Zoophobia

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Zoophobia or animal phobia is a class of specific phobias to particular animals,[1] or an irrational fear or even simply dislike of any non-human animals.

Examples of specific zoophobias would be entomophobias, such as that of bees (apiphobia). Fears of spiders (arachnophobia) and snakes (ophidiophobia) are also common. See the article at -phobia for the list of various phobias. Sigmund Freud mentioned that an animal phobia is one of the most frequent psychoneurotic diseases among children.[1]

Zoophobia is not the sensible fear of dangerous or threatening animals, such as wild bears or venomous snakes. It is a phobia of animals that causes distress or dysfunction in the individual's everyday life.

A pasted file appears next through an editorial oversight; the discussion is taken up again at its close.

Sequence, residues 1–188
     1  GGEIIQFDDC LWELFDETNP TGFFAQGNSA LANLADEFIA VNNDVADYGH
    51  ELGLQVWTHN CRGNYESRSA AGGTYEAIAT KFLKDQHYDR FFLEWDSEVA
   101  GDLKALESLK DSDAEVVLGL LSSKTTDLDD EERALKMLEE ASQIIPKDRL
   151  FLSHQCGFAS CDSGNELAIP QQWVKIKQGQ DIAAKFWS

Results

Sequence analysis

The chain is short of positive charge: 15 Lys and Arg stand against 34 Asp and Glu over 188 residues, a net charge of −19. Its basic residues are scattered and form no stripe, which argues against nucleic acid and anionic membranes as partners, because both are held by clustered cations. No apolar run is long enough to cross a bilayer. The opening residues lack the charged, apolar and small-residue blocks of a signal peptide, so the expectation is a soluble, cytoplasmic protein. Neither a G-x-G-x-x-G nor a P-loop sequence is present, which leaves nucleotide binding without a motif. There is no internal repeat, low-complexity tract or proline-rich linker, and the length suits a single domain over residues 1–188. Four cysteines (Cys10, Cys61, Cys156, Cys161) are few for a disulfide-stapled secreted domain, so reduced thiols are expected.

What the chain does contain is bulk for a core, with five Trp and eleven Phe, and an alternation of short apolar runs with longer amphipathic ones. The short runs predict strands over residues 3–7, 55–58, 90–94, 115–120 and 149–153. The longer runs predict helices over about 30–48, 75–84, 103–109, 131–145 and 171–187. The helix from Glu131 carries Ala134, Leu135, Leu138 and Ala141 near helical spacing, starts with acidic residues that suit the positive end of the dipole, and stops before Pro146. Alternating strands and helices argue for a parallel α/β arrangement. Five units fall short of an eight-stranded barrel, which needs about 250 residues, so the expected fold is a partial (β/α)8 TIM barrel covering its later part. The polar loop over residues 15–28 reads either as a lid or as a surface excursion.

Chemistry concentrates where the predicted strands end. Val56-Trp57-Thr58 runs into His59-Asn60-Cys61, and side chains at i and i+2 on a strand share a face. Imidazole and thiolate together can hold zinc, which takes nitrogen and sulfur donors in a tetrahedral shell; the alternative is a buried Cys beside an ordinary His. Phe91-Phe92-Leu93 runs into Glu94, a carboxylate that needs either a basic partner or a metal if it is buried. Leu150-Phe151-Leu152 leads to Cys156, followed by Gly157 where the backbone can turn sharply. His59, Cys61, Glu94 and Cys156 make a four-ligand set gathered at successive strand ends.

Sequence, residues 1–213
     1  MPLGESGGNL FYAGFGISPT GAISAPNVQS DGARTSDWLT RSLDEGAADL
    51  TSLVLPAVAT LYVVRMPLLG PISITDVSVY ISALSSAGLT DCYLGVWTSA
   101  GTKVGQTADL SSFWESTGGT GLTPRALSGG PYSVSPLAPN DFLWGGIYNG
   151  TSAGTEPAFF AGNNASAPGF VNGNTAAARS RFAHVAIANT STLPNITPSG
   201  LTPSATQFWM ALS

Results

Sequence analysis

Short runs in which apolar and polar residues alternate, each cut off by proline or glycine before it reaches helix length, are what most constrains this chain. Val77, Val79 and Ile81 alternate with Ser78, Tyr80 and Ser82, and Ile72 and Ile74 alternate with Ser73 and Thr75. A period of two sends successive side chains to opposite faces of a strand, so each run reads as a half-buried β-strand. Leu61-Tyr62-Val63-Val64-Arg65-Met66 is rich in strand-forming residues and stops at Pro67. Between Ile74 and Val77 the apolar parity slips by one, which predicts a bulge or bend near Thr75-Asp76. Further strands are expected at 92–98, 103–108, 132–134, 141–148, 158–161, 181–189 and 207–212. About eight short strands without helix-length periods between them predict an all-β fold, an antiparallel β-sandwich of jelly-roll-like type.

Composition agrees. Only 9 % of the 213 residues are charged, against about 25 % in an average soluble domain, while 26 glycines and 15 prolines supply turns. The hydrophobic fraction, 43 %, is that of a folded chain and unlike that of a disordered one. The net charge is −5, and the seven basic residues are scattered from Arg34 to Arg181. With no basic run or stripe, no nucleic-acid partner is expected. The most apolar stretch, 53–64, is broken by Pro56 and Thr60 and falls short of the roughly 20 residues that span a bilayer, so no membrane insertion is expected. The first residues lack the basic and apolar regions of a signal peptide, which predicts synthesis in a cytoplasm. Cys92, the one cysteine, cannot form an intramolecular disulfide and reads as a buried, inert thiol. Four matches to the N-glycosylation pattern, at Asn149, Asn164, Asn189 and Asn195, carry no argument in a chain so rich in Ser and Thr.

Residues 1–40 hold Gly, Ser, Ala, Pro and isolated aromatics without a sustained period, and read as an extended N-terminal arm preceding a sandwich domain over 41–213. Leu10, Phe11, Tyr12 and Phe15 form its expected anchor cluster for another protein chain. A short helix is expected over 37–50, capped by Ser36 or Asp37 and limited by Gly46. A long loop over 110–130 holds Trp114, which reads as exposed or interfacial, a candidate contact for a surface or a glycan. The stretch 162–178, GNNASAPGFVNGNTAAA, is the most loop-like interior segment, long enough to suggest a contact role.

Phobias of certain animals[edit]

Name of phobias Fear
Agrizoophobia of wild animals
Ailurophobia of cats
Apiphobia of bees
Arachnophobia of spiders and other arachnids
Bovinophobia of cattle
Chiroptophobia of bats
Cynophobia of dogs
Entomophobia of insects
Equinophobia of horses
Herpetophobia of reptiles and amphibians
Ichthyophobia of fish
Mottephobia of butterflies and moths
Murophobia of mice and rats
Ophidiophobia of snakes
Ornithophobia of birds
Selachophobia of sharks
Vermiphobia of worms

See also[edit]

References[edit]

  1. ^ a b Nandor Fodor, Frank Gaynor, "Freud: Dictionary of Psychoanalysis", 2004: ISBN 0-7607-5301-6 (initial publ. 1950), article "Zoophobia, infantile", pp. 205-206